Women Can’t Fight Like Men, Says Dinosaur
The Debrief: Army bloke very sad that women are allowed to fight in the same roles as men…
For the first time ever, women are allowed to serve in every single role in the RAF. It's great and good news for the UK's defence teams, with defence secretary Michael Fallon saying back when he announced the change in June that: 'Individuals who are capable of meeting the standards for the regiment will be given the opportunity to serve, regardless of their gender. This is a defining moment for the RAF.'
Tobias Ellwood, current defence minister and a former soldier, said it's a 'Proud moment in RAF's history'. But of course, this news has upset an important man who's voiced this upset. Col Richard Kemp, the former commander of British forces in Afghanistan, told BBC Essex that he thinks women shouldn't battle alongside men.
‘My concern is primarily in terms of physical capabilities and the effects that long-term stresses and strains of infantry training and operations will have on a woman’s body’, he said.
Explaining that training ‘puts enough of a strain on a man’s body’, he added: ‘if you can imagine the stresses that is going to put on a woman’s body over four years minimum – and many cases much longer – we will have some pretty severe problems for women.’
Not only is he worried about ‘significant compensation payments being made out of the defence budget’, but he’s freaking out that training could affect women’s ability to have kids, making the injuries ‘more significant’, and concerned the training standards will fall.
To back up his argument, Col Kemp explained that men and women don’t play professional football or rugby together, do they?
While it’s irrefutable that women and men’s biologies can be fundamentally different, what Col Kemp might be missing, is that people can be individuals. Maj Judith Webb told The Guardian: ‘Being aware of our physical differences is an important aspect, but that is where I feel research has now been carried out.
‘We want to promote diversity and get the best people, and if we have got women who want to do it and who are capable of doing it, then of course they should be able to do it.’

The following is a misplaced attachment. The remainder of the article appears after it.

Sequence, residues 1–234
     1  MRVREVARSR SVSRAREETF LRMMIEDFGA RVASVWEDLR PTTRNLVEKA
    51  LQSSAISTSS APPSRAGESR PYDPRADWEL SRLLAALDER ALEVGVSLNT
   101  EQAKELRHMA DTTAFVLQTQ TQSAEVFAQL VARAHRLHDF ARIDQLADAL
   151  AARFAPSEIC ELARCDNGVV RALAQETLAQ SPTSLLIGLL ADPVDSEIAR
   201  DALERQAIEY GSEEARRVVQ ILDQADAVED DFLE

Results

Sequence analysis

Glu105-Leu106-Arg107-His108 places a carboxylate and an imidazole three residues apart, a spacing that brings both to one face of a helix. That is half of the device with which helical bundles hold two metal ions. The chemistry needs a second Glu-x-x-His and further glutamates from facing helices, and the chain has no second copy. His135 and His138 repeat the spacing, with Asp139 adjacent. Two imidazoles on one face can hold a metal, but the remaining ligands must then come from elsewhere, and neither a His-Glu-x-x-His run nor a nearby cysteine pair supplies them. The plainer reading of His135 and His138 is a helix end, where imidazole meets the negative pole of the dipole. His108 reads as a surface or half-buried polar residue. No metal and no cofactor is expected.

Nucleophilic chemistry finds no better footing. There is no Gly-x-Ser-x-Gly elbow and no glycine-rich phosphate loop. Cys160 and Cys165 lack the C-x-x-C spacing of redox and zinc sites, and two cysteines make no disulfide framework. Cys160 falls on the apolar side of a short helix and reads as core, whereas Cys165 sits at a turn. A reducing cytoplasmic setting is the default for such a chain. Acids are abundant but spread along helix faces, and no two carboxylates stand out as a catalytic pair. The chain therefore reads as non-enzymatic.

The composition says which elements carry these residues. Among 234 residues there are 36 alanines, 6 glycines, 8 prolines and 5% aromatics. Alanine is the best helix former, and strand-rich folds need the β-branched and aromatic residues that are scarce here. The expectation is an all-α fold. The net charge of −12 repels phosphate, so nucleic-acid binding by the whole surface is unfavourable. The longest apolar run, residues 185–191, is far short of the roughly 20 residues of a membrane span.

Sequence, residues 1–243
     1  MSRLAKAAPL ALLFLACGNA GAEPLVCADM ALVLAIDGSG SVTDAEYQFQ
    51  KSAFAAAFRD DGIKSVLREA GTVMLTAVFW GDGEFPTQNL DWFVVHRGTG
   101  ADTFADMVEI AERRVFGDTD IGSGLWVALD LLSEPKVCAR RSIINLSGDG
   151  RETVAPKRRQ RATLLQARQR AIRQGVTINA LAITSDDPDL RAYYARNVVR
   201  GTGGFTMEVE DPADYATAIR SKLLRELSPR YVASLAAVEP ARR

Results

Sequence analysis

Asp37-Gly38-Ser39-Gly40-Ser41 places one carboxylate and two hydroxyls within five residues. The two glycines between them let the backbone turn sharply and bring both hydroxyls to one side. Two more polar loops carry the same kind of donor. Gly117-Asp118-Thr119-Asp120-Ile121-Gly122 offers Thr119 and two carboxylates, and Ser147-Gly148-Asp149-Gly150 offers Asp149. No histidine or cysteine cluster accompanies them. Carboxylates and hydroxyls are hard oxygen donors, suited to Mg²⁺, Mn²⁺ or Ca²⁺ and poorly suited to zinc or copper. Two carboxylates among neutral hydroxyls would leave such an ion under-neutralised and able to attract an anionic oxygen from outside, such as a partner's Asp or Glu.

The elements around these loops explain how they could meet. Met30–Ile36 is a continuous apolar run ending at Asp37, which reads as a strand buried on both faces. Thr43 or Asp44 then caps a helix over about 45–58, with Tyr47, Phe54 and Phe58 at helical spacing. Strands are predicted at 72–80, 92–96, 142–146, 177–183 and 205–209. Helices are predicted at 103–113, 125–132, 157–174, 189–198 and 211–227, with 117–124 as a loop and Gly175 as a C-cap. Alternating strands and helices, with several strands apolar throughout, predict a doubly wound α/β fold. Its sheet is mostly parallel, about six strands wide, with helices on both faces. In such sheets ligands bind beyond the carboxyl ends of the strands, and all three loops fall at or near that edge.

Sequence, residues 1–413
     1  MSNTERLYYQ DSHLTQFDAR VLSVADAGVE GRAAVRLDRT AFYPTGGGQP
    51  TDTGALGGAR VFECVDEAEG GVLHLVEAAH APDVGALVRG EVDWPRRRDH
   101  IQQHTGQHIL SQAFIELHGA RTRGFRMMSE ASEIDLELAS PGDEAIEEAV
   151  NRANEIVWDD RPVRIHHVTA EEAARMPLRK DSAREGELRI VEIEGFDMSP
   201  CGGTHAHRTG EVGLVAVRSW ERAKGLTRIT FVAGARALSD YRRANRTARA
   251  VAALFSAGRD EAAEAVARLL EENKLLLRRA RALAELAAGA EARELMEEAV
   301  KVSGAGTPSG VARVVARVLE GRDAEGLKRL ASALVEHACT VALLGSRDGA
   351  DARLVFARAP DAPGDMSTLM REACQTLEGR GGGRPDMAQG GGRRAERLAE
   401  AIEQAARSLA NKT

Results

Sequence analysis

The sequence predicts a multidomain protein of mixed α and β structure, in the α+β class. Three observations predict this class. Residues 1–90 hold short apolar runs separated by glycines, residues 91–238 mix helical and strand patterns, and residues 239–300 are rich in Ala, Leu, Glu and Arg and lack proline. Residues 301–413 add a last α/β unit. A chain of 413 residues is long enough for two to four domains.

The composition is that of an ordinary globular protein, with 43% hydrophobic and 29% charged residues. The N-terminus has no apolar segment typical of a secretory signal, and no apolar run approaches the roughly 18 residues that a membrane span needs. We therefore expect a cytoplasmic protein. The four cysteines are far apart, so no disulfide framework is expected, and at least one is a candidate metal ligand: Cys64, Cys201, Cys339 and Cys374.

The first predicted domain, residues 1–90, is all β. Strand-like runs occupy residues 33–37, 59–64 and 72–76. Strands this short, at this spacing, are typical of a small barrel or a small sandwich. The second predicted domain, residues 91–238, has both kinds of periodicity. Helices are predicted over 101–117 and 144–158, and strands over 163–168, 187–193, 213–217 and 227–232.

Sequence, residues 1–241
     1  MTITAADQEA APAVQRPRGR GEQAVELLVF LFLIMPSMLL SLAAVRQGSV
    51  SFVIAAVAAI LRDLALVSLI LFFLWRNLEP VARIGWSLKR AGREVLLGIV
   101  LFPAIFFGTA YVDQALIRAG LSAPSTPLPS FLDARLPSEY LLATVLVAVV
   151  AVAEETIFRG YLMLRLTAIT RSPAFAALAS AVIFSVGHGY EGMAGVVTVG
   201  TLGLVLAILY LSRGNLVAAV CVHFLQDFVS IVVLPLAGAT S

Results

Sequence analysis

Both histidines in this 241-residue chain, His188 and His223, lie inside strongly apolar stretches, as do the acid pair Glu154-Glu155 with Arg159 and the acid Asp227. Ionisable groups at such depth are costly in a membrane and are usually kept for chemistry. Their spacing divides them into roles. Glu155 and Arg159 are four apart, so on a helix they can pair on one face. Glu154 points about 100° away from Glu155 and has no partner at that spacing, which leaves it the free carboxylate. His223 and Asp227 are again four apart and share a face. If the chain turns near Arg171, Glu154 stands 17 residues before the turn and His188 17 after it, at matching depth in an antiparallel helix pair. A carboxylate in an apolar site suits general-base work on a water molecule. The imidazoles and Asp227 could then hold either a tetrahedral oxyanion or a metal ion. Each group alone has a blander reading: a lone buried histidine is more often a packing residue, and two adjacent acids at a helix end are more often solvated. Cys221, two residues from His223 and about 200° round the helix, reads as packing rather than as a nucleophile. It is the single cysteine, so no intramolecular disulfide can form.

Plus, unlike rugby or football - both segregated-sex sports which Col Kemp cited as proof of women and men’s different capabilities - you don’t need 11 or 15 people to enter the field. There may indeed be plenty of women who aren’t physically up to the training and selection. But perhaps some, even just a tiny few, totally are. If they’re willing to fight and train, why should the army miss out on their skills? Look at the fire service, the police force; they have mixed sex patrols and teams, don't they?
Finally, has this Colonel paid attention to the only conflict that the UK is fighting right now, in Syria?
Because towards the north of the country, the Women’s Protection Unit, a Kurdish force which goes by the acronym YPG, has long been battling for the liberation of towns and cities occupied by ISIS. Not only do these women go into battle with ISIS, but they pose an additional threat to the Islamist extremists. You see, to ISIS, while dying in battle renders a fighter a martyr, destined for paradise and maybe 72 virgins, if you’re killed by a woman, you don’t get to paradise.
The reasoning is, even though it’s alright to stone gays and use kids as human shields and rape women and girls and blow up innocent people, it’s such a shameful thing to be killed by a woman you don’t, unlike your kid-killing raping-pillaging cohort, deserve eternal happiness.
British women, like Kimberley Taylor from Blackburn, are already fighting alongside the Kurdish troops to defeat ISIS. Earlier in 2017, as part of a fantastic piece in The Guardian on anti-ISIS fighters in northern Syria, Taylor pointed out, on her way to the western front to defeat ISIS in their quest to hold Raqqa, that ‘Sure, women have personal freedoms, but western society is not free’.
Col Kemp can prattle on all he likes about football teams and women’s injuries, but why on earth wouldn’t he want to have brave women like Taylor fighting for Britain? If she's up for it, that is.
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